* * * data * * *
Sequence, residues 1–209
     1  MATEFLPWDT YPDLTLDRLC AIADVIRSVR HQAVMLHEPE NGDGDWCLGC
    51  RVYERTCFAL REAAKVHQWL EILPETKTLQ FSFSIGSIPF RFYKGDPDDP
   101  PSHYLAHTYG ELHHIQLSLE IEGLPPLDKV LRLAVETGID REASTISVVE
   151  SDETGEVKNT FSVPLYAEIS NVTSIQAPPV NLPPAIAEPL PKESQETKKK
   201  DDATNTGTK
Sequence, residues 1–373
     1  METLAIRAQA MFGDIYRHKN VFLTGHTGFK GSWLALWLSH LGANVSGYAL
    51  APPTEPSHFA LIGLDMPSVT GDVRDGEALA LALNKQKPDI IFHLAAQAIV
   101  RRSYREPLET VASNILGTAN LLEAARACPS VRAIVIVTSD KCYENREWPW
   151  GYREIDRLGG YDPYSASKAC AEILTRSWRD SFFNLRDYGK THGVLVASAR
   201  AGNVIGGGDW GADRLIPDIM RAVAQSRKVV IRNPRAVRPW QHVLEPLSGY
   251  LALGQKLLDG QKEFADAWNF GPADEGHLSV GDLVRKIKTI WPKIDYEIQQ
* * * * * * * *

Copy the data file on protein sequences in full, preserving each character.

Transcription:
Sequence, residues 1–209
     1  MATEFLPWDT YPDLTLDRLC AIADVIRSVR HQAVMLHEPE NGDGDWCLGC
    51  RVYERTCFAL REAAKVHQWL EILPETKTLQ FSFSIGSIPF RFYKGDPDDP
   101  PSHYLAHTYG ELHHIQLSLE IEGLPPLDKV LRLAVETGID REASTISVVE
   151  SDETGEVKNT FSVPLYAEIS NVTSIQAPPV NLPPAIAEPL PKESQETKKK
   201  DDATNTGTK
Sequence, residues 1–373
     1  METLAIRAQA MFGDIYRHKN VFLTGHTGFK GSWLALWLSH LGANVSGYAL
    51  APPTEPSHFA LIGLDMPSVT GDVRDGEALA LALNKQKPDI IFHLAAQAIV
   101  RRSYREPLET VASNILGTAN LLEAARACPS VRAIVIVTSD KCYENREWPW
   151  GYREIDRLGG YDPYSASKAC AEILTRSWRD SFFNLRDYGK THGVLVASAR
   201  AGNVIGGGDW GADRLIPDIM RAVAQSRKVV IRNPRAVRPW QHVLEPLSGY
   251  LALGQKLLDG QKEFADAWNF GPADEGHLSV GDLVRKIKTI WPKIDYEIQQ